You know that thing that’s stressing you out, that you’ve been avoiding, that you try not to think about?
It will not get better.
Not on its own, anyway.
Things almost never resolve themselves. But we consistently wait as something turns from a minor issue into a serious issue and then into a full-blown crisis. Why do we do this? Why not just take care of it as soon as it rears up? It’s unpleasant to face, yes. But if we stop and consider, do we really think it’ll get easier to deal with at the crisis stage?
I’m a procrastinator. I don’t like to even admit that to myself, but everyone who knows me already knows (isn’t it funny how that works?), so I might as well. I have a long way to go, but one thing I’ve realized is that not only does waiting make the problem worse, procrastinating itself is usually worse than just doing the thing I’m putting off. Nine times out of ten, when I buckle down and take care of something I’ve been avoiding, it’s straightforward and relatively painless. Most of the dread was actually just self-reinforcing, based on nothing more than the building anticipation of the task being unpleasant. Not all things are like this, but many are.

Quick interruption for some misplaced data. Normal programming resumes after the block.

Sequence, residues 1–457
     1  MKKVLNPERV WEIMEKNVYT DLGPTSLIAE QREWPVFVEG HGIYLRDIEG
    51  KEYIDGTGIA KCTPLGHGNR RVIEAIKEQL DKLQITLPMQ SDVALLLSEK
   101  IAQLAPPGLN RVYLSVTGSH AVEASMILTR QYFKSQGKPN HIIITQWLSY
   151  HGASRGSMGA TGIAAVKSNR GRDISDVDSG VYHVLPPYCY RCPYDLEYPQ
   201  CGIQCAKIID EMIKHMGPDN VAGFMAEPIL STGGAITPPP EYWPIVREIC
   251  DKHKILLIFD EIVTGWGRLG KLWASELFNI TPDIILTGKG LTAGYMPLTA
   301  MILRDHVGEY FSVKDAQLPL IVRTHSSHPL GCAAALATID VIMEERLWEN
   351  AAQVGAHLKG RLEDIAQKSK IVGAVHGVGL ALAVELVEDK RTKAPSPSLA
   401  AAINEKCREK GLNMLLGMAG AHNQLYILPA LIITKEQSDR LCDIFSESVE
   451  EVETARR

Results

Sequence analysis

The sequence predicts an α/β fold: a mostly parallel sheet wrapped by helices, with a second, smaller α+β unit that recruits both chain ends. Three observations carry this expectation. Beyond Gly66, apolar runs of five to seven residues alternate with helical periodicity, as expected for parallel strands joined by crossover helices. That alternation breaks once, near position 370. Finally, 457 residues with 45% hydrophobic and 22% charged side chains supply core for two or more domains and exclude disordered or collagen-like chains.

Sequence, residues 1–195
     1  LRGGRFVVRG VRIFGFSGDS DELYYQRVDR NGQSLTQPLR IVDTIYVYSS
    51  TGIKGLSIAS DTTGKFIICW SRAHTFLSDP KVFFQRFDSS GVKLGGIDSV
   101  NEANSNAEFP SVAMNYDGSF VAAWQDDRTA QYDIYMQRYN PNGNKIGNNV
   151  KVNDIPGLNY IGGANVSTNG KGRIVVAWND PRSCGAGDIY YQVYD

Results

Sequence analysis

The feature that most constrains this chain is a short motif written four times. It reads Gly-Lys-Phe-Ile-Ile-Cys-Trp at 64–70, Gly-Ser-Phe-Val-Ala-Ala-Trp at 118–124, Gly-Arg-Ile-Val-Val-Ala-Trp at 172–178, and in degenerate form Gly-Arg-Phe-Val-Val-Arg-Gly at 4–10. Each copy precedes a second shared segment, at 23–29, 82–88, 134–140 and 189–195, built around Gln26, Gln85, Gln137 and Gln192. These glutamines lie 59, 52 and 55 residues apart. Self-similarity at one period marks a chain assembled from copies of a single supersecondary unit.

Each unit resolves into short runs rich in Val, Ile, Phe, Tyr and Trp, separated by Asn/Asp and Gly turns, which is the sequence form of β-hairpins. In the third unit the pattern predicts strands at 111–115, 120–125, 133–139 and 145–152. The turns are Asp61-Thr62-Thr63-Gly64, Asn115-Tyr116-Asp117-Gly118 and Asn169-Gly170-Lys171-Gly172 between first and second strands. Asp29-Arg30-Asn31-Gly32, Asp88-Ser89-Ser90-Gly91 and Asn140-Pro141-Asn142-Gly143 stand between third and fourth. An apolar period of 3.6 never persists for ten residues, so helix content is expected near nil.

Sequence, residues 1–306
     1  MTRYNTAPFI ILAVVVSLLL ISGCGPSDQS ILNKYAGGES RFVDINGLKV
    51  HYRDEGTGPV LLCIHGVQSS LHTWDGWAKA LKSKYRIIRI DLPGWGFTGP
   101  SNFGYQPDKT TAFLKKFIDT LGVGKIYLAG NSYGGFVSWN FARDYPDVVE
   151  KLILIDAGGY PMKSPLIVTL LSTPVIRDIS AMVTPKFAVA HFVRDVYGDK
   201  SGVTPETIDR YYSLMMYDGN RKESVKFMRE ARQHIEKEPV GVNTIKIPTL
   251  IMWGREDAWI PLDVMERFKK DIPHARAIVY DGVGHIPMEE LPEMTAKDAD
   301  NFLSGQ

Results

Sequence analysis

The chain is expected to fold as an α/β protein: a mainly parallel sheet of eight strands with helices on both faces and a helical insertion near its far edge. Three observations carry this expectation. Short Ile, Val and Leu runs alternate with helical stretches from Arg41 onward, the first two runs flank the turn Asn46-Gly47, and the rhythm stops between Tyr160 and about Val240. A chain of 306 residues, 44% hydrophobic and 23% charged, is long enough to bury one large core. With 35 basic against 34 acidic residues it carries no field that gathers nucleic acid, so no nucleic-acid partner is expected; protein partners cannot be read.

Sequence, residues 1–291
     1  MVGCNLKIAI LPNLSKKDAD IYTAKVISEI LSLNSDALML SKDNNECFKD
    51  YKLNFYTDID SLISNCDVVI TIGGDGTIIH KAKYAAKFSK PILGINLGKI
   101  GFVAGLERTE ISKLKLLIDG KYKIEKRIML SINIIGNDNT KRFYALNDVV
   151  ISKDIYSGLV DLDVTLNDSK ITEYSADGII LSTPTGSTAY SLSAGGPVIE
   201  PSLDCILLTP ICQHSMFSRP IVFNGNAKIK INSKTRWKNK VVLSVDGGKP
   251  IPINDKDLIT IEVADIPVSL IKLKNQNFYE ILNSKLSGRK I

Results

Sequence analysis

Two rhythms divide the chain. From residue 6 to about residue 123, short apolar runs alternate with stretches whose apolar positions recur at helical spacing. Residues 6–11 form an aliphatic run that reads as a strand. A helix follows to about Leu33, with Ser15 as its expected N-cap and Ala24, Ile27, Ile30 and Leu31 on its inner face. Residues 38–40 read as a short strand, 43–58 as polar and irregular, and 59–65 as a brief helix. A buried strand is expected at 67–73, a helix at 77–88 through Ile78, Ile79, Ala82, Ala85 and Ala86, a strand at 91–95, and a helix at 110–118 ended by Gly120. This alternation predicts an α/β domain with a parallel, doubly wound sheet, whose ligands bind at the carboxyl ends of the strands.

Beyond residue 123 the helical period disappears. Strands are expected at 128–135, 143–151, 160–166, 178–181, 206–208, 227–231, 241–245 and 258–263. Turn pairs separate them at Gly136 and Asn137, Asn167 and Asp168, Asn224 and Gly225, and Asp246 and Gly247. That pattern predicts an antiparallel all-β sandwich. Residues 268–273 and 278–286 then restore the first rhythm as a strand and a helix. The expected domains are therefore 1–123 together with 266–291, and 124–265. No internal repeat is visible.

Even the things that are genuinely unpleasant and hard to deal with will usually only get worse if we wait. Entropy seems to drive human behavior too.
But like me, you probably know all this. So why do we continue to behave this way?